The ethos of learning for learning’s sake is one I have experienced in Oxford. It is perhaps what drew me to the university in the first place. This, rather than an elitist preference for aristocratic children nurtured with the gift of the garb, is probably why the Oxbridge intake is proportionately skewed towards privately-educated candidates. The ‘polish’ that Parris talks of is not that they’ve been taught to bullshit well, but that they’ve become accustomed to thinking outside of the bureaucratic boundaries of the exam board and Ofsted, providing a much deeper education.
Thankfully, I share my college at Oxford with hundreds of students who attended state comprehensive schools, providing a happy diversity to my friendship groups and intellectual endeavours. I feel a little guilty when I hear stories of how they battled for their grades, in an environment where they were ridiculed by their peers for being clever and ambitious. They deserved better than that. My school would happily have flung its doors open to more people from less privileged economic backgrounds, but a campaign for more bursary funds whilst I was there did not raise as much money as was hoped. State-funded scholarships for 25% of pupils seems to me a happy medium between remaining 75% independent whilst also providing a private school education (which isn’t palatable for everyone) for those who deserve but cannot afford it.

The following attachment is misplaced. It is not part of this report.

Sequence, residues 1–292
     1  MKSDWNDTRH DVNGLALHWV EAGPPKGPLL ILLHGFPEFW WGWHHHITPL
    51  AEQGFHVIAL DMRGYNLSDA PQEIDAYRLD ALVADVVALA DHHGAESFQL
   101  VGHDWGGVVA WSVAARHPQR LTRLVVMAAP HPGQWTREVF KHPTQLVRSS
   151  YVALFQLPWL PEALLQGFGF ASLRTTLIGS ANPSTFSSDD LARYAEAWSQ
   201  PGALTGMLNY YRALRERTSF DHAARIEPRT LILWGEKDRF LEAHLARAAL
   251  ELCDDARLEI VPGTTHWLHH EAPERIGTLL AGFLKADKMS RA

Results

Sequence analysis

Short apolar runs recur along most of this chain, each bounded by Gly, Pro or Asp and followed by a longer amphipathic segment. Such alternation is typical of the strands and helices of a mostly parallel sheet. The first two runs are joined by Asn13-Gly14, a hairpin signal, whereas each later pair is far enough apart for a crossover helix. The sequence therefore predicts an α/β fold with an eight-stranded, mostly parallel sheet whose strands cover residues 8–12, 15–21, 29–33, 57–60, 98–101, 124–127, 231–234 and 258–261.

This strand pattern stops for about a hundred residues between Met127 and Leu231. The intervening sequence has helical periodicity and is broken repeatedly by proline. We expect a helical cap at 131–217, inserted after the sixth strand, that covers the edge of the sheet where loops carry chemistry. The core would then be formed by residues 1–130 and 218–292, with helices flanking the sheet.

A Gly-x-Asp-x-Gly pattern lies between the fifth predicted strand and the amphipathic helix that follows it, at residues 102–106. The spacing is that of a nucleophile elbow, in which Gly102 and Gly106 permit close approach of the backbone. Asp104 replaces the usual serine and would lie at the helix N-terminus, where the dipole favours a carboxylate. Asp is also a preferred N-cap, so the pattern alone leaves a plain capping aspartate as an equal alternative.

FEATURED PHOTO/ Montgomery County Planning Commission